Title: “Please Remain Calm”
Written by: Craig Mazin
Directed by: Johan Renck
“We’re asking for your permission to kill three men.”
After the chaos in last week’s premiere, “Chernobyl” begins to look at the larger picture outside the nuclear plant as civilians are evacuated from Pripyat, scientists and political leaders come to terms with the severity of the disaster and the rest of the world finds out.
We are introduced to Ulyana Khomyuk, a composite character and a scientist from the Belarus Institute of Nuclear Energy. She begins piecing together that an accident has occurred after a radiation alarm sounds in her office. Meanwhile, Valery Legasov (Jared Harris) is introduced to Boris Shcherbina (Stellan Skarsgard), Deputy Chairman of the Council of Ministers. He has been chosen by the Kremlin to lead the investigation into the accident, but knows absolutely nothing about nuclear energy. It’s frustrating and infuriating to watch Legasov have to teach Scherbina and the entire Council of Ministers how nuclear reactors work, when every second more radiation pours out of the blown reactor. Eventually, though, Scherbina begins listening to Legasov and helping him negotiate Soviet politics.
Renck and Mazin keep the tension running high, but none of the suspenseful sequences seem present only for cheap suspense. Each one effectively drives home how ill-prepared the Soviet government was to handle this type of event. The episode does, however, feel like it dropped some storylines. Though it is very much about the aftermath of the catastrophic event from the first episode, the shift in focus from plant workers and first responders is jarring. We only spent a couple minutes with Legasov in the premiere, and several other real characters I grew interested in and attached to last week are ignored completely. I assume they’ll reappear next week, and this is only a minor structural complaint.
I neglected to discuss in last week’s review the fact that most of the actors are British and do not try to take on accents that might add a more realistic tone to the series. I’ll go on the record as saying this choice doesn’t bother me. Since they are speaking English anyway, which already is unrealistic in most scenes, it seems kind of pointless to add accents. It’s honestly a refreshing choice, as oftentimes accents used by actors end up being distracting or even laughable. This story is too important to risk such distractions.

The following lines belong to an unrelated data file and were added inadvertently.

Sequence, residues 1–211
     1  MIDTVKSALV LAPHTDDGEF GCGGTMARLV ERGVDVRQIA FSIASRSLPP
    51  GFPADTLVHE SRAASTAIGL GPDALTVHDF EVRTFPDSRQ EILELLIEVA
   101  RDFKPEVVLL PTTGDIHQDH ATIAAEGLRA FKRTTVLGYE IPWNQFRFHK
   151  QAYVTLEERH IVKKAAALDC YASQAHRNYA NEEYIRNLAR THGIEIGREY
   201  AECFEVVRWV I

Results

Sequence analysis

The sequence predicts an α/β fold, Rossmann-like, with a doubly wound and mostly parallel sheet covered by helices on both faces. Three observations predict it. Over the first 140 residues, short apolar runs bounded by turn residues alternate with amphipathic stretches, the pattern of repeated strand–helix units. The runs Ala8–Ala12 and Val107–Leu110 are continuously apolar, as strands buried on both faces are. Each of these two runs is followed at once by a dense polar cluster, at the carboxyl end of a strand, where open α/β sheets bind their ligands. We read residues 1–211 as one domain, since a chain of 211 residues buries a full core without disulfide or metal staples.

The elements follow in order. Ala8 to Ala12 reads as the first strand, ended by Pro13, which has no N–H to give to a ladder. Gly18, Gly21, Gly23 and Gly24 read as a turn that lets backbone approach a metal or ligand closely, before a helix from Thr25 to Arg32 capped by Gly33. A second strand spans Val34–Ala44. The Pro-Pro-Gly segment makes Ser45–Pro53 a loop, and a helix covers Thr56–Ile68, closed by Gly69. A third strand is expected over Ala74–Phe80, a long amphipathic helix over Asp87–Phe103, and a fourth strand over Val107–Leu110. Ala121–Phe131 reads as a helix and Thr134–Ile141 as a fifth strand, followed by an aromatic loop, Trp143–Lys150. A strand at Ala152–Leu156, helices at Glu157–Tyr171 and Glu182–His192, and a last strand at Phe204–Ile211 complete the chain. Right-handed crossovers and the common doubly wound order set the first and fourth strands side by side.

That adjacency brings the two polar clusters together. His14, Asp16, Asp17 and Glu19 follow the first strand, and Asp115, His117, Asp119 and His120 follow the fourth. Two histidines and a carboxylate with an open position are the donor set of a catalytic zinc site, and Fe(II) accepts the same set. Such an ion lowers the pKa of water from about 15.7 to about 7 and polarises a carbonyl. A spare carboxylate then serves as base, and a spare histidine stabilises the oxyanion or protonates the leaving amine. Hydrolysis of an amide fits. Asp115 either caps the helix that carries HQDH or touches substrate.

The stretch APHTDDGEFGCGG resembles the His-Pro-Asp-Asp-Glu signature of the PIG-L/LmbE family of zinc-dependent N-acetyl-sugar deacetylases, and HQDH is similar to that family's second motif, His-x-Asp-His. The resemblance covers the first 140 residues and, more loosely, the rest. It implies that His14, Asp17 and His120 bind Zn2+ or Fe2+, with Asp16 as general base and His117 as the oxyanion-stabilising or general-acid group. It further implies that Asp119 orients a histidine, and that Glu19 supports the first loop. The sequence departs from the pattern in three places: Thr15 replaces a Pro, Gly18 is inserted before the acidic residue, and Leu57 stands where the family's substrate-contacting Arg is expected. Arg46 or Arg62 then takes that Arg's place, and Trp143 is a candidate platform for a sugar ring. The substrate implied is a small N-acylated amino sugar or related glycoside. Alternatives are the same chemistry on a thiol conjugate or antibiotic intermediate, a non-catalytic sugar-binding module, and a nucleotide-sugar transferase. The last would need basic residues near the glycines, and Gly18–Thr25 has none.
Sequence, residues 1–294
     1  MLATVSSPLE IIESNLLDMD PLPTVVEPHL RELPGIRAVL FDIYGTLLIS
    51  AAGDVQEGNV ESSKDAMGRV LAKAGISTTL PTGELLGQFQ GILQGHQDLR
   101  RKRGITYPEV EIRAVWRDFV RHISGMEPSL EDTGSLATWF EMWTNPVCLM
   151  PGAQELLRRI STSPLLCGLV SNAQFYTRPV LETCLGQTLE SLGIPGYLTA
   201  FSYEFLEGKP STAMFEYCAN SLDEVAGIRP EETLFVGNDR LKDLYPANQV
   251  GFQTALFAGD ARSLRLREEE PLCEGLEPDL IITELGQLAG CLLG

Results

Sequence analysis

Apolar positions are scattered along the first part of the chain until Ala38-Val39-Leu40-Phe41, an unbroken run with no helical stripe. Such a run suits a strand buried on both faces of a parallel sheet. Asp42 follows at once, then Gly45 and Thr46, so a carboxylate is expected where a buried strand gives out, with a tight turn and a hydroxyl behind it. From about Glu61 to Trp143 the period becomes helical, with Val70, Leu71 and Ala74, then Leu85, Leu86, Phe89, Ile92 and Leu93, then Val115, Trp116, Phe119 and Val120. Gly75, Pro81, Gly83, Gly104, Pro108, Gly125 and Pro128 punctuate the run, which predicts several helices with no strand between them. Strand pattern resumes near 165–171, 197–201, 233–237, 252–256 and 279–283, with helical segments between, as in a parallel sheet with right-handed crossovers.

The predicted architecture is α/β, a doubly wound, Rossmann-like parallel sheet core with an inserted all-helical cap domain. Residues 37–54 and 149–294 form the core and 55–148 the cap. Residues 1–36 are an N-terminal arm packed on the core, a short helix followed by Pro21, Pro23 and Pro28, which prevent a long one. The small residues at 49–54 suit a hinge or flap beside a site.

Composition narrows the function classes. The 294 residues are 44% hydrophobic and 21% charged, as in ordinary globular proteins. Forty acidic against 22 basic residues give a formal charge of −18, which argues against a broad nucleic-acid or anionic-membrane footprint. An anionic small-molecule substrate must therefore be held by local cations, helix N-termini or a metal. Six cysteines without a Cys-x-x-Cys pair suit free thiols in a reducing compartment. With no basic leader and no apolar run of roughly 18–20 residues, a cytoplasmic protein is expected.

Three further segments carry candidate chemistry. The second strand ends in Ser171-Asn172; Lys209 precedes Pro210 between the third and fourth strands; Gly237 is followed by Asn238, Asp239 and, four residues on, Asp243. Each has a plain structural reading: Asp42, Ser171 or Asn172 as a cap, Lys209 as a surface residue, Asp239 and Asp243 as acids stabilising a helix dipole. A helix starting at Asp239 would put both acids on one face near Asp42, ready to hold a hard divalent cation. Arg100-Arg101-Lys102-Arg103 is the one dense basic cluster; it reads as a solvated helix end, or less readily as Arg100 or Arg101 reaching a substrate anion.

Renck and Mazin do a fine job in “Please Remain Calm” of focusing on the politics of the situation, mostly in damming ways, without losing sight of both the present and potential human toll. A sense of dread envelops every scene. We’ve witnessed characters with severe burns and those vomiting profusely. With his second installment, Mazin begins transitioning his focus to the not fully comprehensible dangers of the future. How many people will die? How many will get cancer? How far will the radiation spread? When will the fire burn out? Just when the characters think they have some answers, unpleasant as they are, Khomyuk shows up with a revelation that ramps of the urgency even more. A second, far more catastrophic event at the plant may be as little as 48 hours away, and this one will have dire consequences for more than 60 million people.
Much of the series so far has focused on corruption and ignorance, but we are also provided with heroes, not only in the presence of Legasov and Khomyuk, but plant workers who brave certain death to try and prevent a second explosion. Legasov also has to suppress in many instances his inclination towards helping people. As he comes to terms with the sacrifices that will be needed to help prevent deaths on a larger scale, we begin to understand each of his actions and statements in the opening five minutes of the series.
Harris, Watson and Skarsgard are all Emmy worthy, and at this point i feel comfortable endorsing the writing and directing too. The entire cast and crew seem to get this disaster. I expect the developments to come in the following three episodes will provide more examples of courage and heroism, but also a lot more timely rage about the clash between political optics and the truth.